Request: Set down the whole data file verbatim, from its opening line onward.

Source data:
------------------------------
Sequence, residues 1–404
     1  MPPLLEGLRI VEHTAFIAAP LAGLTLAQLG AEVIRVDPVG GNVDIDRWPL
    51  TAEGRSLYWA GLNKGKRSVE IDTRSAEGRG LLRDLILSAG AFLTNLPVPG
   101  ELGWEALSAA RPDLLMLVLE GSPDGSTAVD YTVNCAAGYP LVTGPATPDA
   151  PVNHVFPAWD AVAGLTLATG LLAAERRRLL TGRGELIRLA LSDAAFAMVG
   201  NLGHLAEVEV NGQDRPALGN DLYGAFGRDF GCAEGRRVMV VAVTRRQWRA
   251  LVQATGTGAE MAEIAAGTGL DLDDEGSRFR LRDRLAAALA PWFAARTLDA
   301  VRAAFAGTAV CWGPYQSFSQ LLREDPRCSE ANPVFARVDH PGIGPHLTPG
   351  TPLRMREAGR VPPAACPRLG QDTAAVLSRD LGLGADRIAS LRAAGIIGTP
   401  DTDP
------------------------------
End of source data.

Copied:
Sequence, residues 1–404
     1  MPPLLEGLRI VEHTAFIAAP LAGLTLAQLG AEVIRVDPVG GNVDIDRWPL
    51  TAEGRSLYWA GLNKGKRSVE IDTRSAEGRG LLRDLILSAG AFLTNLPVPG
   101  ELGWEALSAA RPDLLMLVLE GSPDGSTAVD YTVNCAAGYP LVTGPATPDA
   151  PVNHVFPAWD AVAGLTLATG LLAAERRRLL TGRGELIRLA LSDAAFAMVG
   201  NLGHLAEVEV NGQDRPALGN DLYGAFGRDF GCAEGRRVMV VAVTRRQWRA
   251  LVQATGTGAE MAEIAAGTGL DLDDEGSRFR LRDRLAAALA PWFAARTLDA
   301  VRAAFAGTAV CWGPYQSFSQ LLREDPRCSE ANPVFARVDH PGIGPHLTPG
   351  TPLRMREAGR VPPAACPRLG QDTAAVLSRD LGLGADRIAS LRAAGIIGTP
   401  DTDP